Uncle Petros is a family joke. An ageing recluse, he lives alone in a suburb of Athens, playing chess and tending to his garden. If you didn't know better, you'd surely think he was one of life's failures. But his young nephew suspects otherwise. For Uncle Petros, he discovers, was once a celebrated mathematician, brilliant and foolhardy enough to stake everything on solving a problem that had defied all attempts at proof for nearly three centuries - Goldbach's Conjecture.
His quest brings him into contact with some of the century's greatest mathematicians, including the Indian prodigy Ramanujan and the young Alan Turing. But his struggle is lonely and single-minded, and by the end it has apparently destroyed his life. Until that is a final encounter with his nephew opens up to Petros, once more, the deep mysterious beauty of mathematics. Uncle Petros and Goldbach's Conjecture is an inspiring novel of intellectual adventure, proud genius, the exhilaration of pure mathematics - and the rivalry and antagonism which torment those who pursue impossible goals.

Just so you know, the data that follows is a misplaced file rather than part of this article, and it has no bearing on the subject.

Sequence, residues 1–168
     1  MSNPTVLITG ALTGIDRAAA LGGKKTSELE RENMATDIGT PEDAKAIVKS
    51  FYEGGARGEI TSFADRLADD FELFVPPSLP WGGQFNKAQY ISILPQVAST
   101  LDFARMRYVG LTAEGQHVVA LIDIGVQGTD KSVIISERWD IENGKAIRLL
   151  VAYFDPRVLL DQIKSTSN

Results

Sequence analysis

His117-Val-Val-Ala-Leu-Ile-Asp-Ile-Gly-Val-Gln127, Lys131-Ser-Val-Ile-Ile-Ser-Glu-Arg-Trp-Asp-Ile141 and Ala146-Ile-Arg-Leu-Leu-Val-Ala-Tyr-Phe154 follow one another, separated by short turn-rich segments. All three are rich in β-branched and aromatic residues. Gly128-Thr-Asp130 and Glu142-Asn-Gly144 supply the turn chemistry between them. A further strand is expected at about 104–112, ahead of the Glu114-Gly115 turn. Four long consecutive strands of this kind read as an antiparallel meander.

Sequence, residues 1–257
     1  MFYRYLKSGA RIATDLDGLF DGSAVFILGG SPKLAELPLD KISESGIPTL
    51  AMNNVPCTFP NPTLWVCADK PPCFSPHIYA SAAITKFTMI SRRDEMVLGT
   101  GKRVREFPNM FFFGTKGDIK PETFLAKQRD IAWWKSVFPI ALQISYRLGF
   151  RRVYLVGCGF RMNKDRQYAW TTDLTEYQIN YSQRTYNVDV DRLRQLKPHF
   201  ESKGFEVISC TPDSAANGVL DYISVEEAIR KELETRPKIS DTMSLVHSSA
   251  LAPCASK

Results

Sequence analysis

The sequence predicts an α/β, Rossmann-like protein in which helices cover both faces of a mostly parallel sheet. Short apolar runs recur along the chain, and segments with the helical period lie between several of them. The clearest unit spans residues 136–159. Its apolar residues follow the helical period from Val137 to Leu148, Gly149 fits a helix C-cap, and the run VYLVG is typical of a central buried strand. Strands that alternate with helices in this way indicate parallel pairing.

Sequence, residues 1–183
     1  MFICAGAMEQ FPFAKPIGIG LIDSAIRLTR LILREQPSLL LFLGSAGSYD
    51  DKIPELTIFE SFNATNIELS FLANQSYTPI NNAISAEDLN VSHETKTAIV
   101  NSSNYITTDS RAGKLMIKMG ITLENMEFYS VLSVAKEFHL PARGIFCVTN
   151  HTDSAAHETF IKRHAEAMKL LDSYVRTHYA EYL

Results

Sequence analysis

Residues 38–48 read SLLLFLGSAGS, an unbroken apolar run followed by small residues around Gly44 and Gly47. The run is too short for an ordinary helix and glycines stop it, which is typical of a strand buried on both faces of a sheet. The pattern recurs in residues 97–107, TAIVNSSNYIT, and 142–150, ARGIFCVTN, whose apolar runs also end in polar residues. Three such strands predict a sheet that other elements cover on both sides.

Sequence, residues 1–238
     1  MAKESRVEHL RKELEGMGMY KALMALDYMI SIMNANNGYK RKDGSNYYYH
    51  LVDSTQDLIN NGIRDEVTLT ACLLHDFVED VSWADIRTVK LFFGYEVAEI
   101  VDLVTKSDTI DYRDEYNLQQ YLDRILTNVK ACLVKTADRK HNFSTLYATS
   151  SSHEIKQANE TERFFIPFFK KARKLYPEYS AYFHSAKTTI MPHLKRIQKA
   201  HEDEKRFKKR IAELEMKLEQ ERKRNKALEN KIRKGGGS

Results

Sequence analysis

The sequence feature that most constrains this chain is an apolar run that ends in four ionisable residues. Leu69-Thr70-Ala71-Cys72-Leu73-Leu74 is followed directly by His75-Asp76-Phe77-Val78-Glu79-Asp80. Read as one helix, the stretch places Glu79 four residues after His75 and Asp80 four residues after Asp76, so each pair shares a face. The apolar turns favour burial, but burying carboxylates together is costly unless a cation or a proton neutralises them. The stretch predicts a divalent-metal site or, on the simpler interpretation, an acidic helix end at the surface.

Apostolos Doxiadis was born in Australia in 1953 and grew up in Athens. He was admitted to New York's Columbia University at the age of fifteen after submitting an original paper to the Department of Mathematics, and did postgraduate work at the Ecole Pratique des Hautes Etudes in Paris.$$$Apart from writing, Doxiadis has made films, winning the International Center for Artistic Cinemas (CICAE) prize at the 1988 Berlin International Film Festival for his second feature film, Terirem,. He has directed for the theatre, and his translations include Hamlet and Mourning Becomes Electra.$$$His other novels are A Parallel Life (1985), Macabetas (1988) and The Three Little Men (1997).